The Uncomfortable Truth of Why Teams FailWritten by Neil on November 12, 2014
Alone we can do so little, together we can do so much -Helen Keller
What would you do if someone took credit for all your work? Would you confront him or her, risking a confrontation, or not say anything at all, building up resentment?
It’s a surprising fact, the reason why most new businesses fail is not because of product/market fit, finances, or using the wrong technology. It’s because the team members do not get on with each other.
One of the best books on this subject is called The Five Dysfunctions of a Team – by Patrick M. Lencioni. Originally released in 2002, the author explains reasons why teams fail by telling a story about a new CEO facing a team in such disarray that it threatens to bring down the entire company. This article explains the five main reasons why teams fail. Some of this may be very obvious to you but in reality very difficult to implement.
1. Absence of trust
The first dysfunction is an absence of trust. This happens when team members are not open with one another about their mistakes and weaknesses because of fear of reprisals. Results will not be achievable without trust in the team.
2. Fear of Conflict
Following on from the absence of trust is fear of conflict; team members feel uncomfortable when it comes to confrontation. For example, your co-worker is taking all the credit for the work that the two of you did together. By not confronting this situation, it can damage relationships in the long-term.
3. Lack of commitment
The third dysfunction is a lack of commitment among fellow team members. If a decision needs to be made and certain team members have not been consulted or their opinion not even listened to, it will have a detrimental effect in reaching goals and targets.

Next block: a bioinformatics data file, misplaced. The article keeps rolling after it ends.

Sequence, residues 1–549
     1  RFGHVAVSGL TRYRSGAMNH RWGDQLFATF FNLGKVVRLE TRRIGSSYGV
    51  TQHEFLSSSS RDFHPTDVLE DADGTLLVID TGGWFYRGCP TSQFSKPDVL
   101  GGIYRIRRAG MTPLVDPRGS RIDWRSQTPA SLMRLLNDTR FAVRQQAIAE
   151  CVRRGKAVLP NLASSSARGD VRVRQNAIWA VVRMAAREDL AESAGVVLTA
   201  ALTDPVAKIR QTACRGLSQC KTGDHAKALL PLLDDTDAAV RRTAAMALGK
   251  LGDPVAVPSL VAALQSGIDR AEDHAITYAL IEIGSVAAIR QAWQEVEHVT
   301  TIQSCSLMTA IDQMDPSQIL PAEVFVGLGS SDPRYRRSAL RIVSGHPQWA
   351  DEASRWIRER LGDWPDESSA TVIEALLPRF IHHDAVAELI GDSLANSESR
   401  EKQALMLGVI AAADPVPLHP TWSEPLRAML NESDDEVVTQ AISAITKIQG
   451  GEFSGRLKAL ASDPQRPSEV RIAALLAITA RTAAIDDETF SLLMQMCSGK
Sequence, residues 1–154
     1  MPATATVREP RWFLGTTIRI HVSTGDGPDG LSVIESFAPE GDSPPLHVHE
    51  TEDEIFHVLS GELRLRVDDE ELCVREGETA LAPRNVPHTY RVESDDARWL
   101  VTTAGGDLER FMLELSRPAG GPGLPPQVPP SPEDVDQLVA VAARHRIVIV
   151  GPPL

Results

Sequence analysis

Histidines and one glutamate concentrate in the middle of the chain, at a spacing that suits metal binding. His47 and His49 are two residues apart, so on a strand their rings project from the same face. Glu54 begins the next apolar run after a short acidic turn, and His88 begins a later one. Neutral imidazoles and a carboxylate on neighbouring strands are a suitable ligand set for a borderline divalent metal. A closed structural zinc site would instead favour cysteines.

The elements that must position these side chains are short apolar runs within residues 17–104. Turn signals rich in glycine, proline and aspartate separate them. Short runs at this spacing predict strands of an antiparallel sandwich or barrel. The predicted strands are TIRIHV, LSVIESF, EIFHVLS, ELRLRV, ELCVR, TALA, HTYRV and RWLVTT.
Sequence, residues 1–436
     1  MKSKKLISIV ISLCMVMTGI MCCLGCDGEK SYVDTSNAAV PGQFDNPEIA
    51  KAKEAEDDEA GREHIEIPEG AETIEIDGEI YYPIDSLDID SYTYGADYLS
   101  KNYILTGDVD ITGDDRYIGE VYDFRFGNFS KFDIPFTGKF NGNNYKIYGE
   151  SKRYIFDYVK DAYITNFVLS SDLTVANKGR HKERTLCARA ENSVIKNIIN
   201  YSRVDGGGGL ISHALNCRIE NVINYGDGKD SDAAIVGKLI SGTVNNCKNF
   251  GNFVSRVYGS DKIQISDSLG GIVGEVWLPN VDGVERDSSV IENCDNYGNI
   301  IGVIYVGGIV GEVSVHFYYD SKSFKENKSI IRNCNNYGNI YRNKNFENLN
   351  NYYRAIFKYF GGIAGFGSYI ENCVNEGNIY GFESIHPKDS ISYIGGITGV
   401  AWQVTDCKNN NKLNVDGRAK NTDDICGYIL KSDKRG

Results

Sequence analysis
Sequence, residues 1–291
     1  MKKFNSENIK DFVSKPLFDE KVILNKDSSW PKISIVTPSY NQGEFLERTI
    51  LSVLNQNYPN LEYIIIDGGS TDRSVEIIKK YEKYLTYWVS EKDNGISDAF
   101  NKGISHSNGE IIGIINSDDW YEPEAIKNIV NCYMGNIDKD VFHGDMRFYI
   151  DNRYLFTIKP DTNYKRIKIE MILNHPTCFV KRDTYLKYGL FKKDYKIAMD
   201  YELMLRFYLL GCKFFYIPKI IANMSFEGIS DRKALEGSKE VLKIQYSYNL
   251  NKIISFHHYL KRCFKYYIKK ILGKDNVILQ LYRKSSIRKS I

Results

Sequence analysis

4. Avoidance of accountability
Without commitment and buy-in to a clear plan of action, even the most focused and driven people often hesitate to call their peers on actions and behaviors that seem counterproductive to the good of the team.
5. Inattention to results
Failure to hold one another accountable creates an environment where team members put their individual needs or even the needs of their division above the collective goals of the team.
Ways to overcome this
1. Make sure everyone is going in the right direction
Take each team member into a room and ask them what the goal and objectives of the project are. If you get five completely different views then that is the problem and you know something’s not right. You then have to communicate to everyone within the rest of the organization.
2. The experts’ view
In a recent podcast, Tim Ferriss, the author of the bestselling 4-Hour Work Week and serial investor, has ways to check if he wants to work with a team before investing. He takes them for a drink to see if there is a fit. Also, do they pass the shopping mall test, i.e., if you saw this person in a shopping mall would you look the other way or greet them? He believes that if the investment does go wrong–and most investments in start-ups do go wrong–do you really want to spend that time working with someone you don’t actually like?
A great way to spend time with someone you are thinking of working with in the future is to attend a hackathon. A hackathon is a gathering where developers, designers, marketers, and entrepreneurs come together to work on projects and come up with a business idea over a short period of time, usually over a weekend. Spending a short and intense amount of time together is a great way of accessing each others strengths and weaknesses to see if there’s a good working relationship.
“None of us is as smart as all of us.” –Ken Blanchard
If you work in a business or a start-up where things don’t always go the way you’d expect them, read this book; making teams work involves a considerable investment of time and energy. Because as human beings we are complicated and flawed, but by using this simple framework, it is possible that you can get your team rowing in the same direction. By getting everyone working in the same direction you can monopolize any industry, in any market, against any competition.
The Five Dysfunctions of a Team: A Leadership Fable – Patrick M. Lencioni
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